De-Verbification: NOUN OF X vs. NOUN X ?

Recently I made the same mistake several times, naming variables things like first, last, head or tail when those are verbs in historical Rebol. One case was porting some unrelated C code which named a variable "first". The other case was just repeating some habits from inside the interpreter implementation, where you can freely call things "head" or "tail".

This led me to wonder how much value there is in saying head x vs. head of x. It's pretty easy to type the latter, and the flow is reasonably natural.

Here's a line of historical code from CLEAN-PATH, which is a "heavy use case" of those functions:

if all [#"/" = last out #"/" <> last file] [
    remove back tail out

Today we can make that flow more nicely:

all [#/ = last out, #/ <> last file] then [
    remove back tail out

Now imagine that we rigged it up so that you had to use OF. I think even in this heavy usage case it's not so bad...arguably clearer:

all [#/ = last of out, #/ <> last of file] then [
    remove back of tail of out

I think it's reasonable to say that if you're working on series a lot somewhere, you might find it convenient to shorten the notation...but as POINTFREE gets more convenient, maybe you could set those kinds of shorthands up as:

last: (<- last of)
tail: (<- tail of)
back: (<- back of)

The key here is asking if these shorthands are really the ones you want; or might it be more empowering to leave more words free in global space (especially ones that are more obviously nouns).

I've mentioned that it's becoming second nature these days to write things like first: first of x without blinking. It feels like we'd be better off going this route.

There's some technical questions here, about expanding the "OF-context". Things like FIRST and SECOND are specializations set up in usermode of PICK. So how do you put these specializations in where OF can find them? This suggests OF is picking out of an extensible scope of property accessors. Maybe if things work out with dualism of actions and objects, the context could have the same you could just say:

>> of.first: <- pick _ 1

>> first of [a b c]
== a

Pushing on such approaches seems crucial to the problem of modules and contention for short words...

I like the brevity of the current behaviour.
For example
head of [a b c]
means to me: a
head [a b c] means put the series index at the beginning.
Some things are just the way they are in Rebol, and yes we all suffer from the occasional oversight of words that are already taken and now overwritten by the new definition. Especially when converting stuff from other examples and languages this can happen (a lot) but that could hold true for a translation toward many other languages from such a source as well.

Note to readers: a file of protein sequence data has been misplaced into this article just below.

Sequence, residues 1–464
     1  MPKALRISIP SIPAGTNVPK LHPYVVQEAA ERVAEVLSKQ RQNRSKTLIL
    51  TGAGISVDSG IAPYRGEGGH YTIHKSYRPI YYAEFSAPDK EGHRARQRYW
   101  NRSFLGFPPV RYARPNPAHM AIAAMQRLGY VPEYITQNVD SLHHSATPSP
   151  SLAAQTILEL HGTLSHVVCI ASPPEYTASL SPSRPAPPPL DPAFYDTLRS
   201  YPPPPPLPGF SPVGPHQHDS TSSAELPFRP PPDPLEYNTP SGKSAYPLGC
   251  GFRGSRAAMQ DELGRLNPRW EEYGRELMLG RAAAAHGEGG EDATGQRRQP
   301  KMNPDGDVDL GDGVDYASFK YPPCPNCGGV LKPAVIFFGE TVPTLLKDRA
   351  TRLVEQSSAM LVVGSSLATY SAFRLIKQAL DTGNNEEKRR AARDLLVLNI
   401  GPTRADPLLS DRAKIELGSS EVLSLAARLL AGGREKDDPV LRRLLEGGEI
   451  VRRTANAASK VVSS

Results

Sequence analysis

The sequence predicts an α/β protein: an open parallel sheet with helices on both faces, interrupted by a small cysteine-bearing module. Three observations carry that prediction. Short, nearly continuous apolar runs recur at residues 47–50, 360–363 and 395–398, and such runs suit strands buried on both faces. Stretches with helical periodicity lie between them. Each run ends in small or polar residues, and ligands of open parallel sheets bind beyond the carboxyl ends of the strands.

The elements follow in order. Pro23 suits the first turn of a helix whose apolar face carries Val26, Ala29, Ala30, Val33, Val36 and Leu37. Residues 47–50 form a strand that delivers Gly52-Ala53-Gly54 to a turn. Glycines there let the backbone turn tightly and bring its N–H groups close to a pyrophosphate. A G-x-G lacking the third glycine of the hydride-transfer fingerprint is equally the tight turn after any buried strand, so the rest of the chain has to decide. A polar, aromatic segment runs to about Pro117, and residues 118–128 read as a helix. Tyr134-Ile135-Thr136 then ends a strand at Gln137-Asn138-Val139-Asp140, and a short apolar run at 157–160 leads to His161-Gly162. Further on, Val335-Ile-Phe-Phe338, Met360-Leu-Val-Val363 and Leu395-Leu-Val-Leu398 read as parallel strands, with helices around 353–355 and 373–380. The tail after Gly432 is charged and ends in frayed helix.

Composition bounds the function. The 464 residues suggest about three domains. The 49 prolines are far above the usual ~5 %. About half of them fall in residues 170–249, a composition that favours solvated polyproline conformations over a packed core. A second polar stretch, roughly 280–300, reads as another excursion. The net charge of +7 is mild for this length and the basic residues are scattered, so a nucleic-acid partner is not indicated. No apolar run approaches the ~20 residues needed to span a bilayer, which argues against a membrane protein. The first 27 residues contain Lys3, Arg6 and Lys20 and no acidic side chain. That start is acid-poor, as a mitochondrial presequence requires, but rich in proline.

When you aim to do (more) automatic conversions (to keep up with upgrades in the original source) you might be inclined to smoothen this process, but a variable name like 'first' could also get renamed by the original devs to 'start' and last could become 'exit' (and for langs that use exit think 'quit').
What it comes down to is you have freed up this gem, for the sole purpose to please OTHER languages.

And another point one can make is, first is a bad name, first what?

I'd need to think about this. I quite like OF in these simple examples, but when I read at code like this (in a script from from Bohdan Lechnowsky), and think about adding OFs, I'm not so sure:

days: head remove back tail insert head copy system/locale/days last system/locale/days

I would never write something that looks like this snippet, but I can understand what might lead someone to write this.

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Jun-2022: Post moved here from the thread remarking on Kaj's Meta Project

I looked to see if there were any updates on Kaj's Meta project, and it looks like he is kind of focusing on porting existing Atari 2600 demos written in assembly to the language.

There the usual debate on the Atari forum of people talking about why languages succeed or not, asking and trying to get at why anyone would care about Rebol, expressing skepticism that Kaj will strike gold...but he says it's successful even if he just uses it and it gives him a "competitive edge".

If you're interested you can read the threads:

One thing I noticed is that he has chosen to go with FIRST-OF instead of just FIRST. I've questioned this before, because things like NEXT and FIRST are useful variable names. In Ren-C there would be presumably no hyphen, so you could write:

first: first of block

Similar to how you can today say:

type: type of block

This is because OF quotes its left argument, with the idea that this is learnable.

You could of course still say:

first: specialize :of [property: 'first]

Which is actually how it works today.


I think I'm okay saying that people who do this kind of thing can pick a helpers lib that specializes FIRST and LAST and such.

But in the core, these make more sense to leave undefined.

The only thing really blocking me at this point is that I don't have an answer to how these things that extend OF get registered. But this is another epicycle of the many unanswered things about function/method dispatch in the language.

I feel like hacking it in wouldn't put us in that much worse of a position than we are already... and it would free up these terms for variables in the common case.